Good morning, California.

“State and local governments have a huge influence on citizens’ daily lives. They spend people’s tax dollars. They decide how schools operate and what constitutes a crime. And yet, few people seem to care these days.”— Dan Hopkins, University of Pennsylvania, for FiveThirtyEight.

Passing the Democrats' torch

Gavin Newsom hugs Jerry Brown at Democrats' unity rally on Wednesday. (Photo: Robbie Short)

Gov. Jerry Brown endorsed Democratic front-runner Gavin Newsom in the governor’s race at a unity rally outside the state Democratic Party headquarters in Sacramento—and promised to leave him plenty to do.

“There is a time for an old guy, and there is time for a young guy,” Brown said, wisecracking about his lack of hair and the lieutenant governor’s “really nice hair.”

Perils ahead: An initiative that would raise the threshold for passing new fees and taxes appears headed for the November ballot, as does one to split the state into thirds and repeal the 12-cent-per-gallon gasoline-tax hike for road repairs.

Brown, framing the campaign against the repeal: “I don’t think people are going to say ‘no’ to all the projects up and down California.” The initiative “won’t put more money in your pocket. It will put money into the profits of foreign oil companies. They’re not going to lower the price of gasoline.”

Newsom on Silicon Valley entrepreneur Tim Draper’s “Calexit” initiative to carve up California: “I’m an old friend of Tim Draper. He’s an incredibly bright and capable person, and that’s not exampled in this initiative.”

Bottom line: Newsom is the front-runner against Republican businessman John Cox. Republicans seem to be on the ropes. California voters have shown a willingness to revolt by initiative.

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Welcome, San Francisco Mayor-elect London Breed

London Breed will become San Francisco’s first African-American woman mayor, after her closest challenger conceded Wednesday.

Things change: In 2011 Breed, referring to young women with whom she worked, told San Francisco newsman Phil Bronstein: “I wouldn’t advise any of my girls to get into politics.”

In 2012, Breed won a supervisor’s seat. She became a candidate for mayor after the death in December of Ed Lee.

The Chronicle profiled her in 2012: “I looked around and we had so many homicides, so much loss in the community, and I started to feel lonely—I started to feel that I shouldn’t be the only one from this community that’s successful, that’s here to help.”

And this: Peers have been “pushed out of the city. And sadly a lot of them have been killed, sadly a lot of them are in jail.” Of her four siblings, a younger sister died in 2006, and her older brother has done prison time.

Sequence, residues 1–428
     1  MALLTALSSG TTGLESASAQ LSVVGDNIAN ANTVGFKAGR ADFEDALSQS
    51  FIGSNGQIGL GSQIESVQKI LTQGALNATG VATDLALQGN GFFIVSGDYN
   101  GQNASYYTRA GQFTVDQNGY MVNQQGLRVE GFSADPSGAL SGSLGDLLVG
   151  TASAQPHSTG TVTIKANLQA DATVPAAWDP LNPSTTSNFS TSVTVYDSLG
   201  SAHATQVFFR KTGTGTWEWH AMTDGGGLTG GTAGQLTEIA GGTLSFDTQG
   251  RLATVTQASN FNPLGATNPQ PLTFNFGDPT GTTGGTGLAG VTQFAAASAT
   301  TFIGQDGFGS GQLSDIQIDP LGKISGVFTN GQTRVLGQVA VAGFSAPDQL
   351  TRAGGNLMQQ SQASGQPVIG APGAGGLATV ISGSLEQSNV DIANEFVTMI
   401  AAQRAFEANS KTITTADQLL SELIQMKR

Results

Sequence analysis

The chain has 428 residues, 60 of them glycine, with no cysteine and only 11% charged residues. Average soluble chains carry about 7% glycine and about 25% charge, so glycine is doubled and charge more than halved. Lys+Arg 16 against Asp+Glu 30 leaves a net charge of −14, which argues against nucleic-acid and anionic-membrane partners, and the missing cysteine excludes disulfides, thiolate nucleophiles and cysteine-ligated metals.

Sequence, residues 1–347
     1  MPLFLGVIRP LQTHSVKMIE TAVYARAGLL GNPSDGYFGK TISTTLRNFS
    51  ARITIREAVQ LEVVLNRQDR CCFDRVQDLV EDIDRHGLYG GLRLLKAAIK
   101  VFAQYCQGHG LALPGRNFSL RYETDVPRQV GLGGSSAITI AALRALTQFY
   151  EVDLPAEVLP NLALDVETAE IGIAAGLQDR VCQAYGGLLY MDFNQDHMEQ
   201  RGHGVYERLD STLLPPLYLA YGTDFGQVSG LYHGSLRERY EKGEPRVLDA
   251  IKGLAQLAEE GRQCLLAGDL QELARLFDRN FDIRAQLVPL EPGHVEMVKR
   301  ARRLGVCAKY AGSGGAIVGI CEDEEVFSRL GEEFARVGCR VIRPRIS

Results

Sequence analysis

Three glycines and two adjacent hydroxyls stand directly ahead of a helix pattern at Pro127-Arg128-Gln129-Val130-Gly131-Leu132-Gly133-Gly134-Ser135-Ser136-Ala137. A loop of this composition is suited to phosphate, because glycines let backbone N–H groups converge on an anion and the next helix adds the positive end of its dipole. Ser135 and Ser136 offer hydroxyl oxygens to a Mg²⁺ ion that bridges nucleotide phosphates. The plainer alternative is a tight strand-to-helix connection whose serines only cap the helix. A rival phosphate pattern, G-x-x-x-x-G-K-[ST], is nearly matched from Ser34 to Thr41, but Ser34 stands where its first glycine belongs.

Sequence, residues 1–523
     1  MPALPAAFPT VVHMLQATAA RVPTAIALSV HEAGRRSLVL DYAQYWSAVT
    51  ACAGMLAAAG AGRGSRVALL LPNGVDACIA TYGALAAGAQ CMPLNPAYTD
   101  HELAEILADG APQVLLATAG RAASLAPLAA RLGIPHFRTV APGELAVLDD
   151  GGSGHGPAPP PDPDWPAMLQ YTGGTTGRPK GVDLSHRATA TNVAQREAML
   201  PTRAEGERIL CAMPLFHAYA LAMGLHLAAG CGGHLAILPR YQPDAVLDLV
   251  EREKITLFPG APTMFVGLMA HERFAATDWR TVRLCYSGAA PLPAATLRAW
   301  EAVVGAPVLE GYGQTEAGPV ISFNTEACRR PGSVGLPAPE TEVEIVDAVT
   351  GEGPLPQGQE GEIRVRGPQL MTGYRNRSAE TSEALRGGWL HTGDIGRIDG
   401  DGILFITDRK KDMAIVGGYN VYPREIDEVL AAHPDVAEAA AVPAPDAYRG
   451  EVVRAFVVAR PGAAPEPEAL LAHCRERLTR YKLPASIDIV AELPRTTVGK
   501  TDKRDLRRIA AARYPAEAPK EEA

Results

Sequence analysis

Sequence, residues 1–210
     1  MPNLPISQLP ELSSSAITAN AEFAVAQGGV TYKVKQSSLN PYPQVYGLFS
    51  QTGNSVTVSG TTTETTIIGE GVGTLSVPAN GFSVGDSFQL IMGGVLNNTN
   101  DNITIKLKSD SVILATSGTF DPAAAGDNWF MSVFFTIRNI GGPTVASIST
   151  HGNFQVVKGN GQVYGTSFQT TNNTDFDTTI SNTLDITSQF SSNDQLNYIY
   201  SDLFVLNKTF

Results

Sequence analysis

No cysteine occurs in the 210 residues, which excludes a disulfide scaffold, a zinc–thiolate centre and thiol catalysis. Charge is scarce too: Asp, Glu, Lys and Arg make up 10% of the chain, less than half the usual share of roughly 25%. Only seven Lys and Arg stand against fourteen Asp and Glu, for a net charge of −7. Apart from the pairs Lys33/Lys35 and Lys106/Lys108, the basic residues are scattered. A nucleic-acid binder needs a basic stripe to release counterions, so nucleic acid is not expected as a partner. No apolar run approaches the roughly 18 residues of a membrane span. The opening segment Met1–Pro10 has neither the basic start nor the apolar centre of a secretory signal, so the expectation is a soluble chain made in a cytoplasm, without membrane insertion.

A moderate: In her younger day, Breed, now 43, was office manager during Willie Brown’s 2000 mayoral reelection campaign. She invariably is described as moderate. In San Francisco, that means she advocates tougher steps to help mentally ill homeless people get into care and sometimes sides with developers.

A new definition of ‘moderate’ income

The California Housing Finance Agency, created when Jerry Brown was governor the first time, is supposed to help low- and moderate-income Californians buy their first home. Amid skyrocketing housing prices, that goal is so hard to attain that the agency has redefined what it means to be “moderate-income” in California.

Now, an individual making up to $150,000 a year in Sacramento or $220,000 in San Francisco could be eligible for down-payment assistance, CALmatters’ Matt Levin reports in our latest installment of the California Dream project.

The cost of California’s graying population

California pays almost $1.2 billion a year to house 53,000 Medi-Cal patients in skilled-nursing facilities, otherwise known as nursing homes. At $22,000 per individual, that’s unsustainable.

CALmatters’ David Gorn homes in on legislation that could allow thousands to live in more homelike assisted-living facilities. You might think there’d be cost savings. But a staff analysis of the bill by Assemblyman Ash Kalra, a Democrat from San Jose, says that’s tough to calculate because of complicated federal rules.

Demographics: By 2030, there will be be 8.6 million Californians 65 and older, more than twice the 2010 number. The Central Valley will experience a 117 percent increase. California’s graying population will make a change imperative, whether or not Kalra’s bill is the right prescription.

For a deep dive into some of what’s ahead, read the California State Plan on Aging.

Walters: How legislators help locals hide tax reality

In his latest commentary, CALmatters’ Dan Walters, no fan of the current budget process, seized on a 17-word addition to budget-related legislation. With little or no public hearing, the bill would allow local officials to keep voters in the dark about how their property taxes would be affected by bond measures headed for the ballot between now and 2020.

Walters: “The Capitol’s politicians should be ashamed of their…sneakiness, but that’s simply not in their DNA.”


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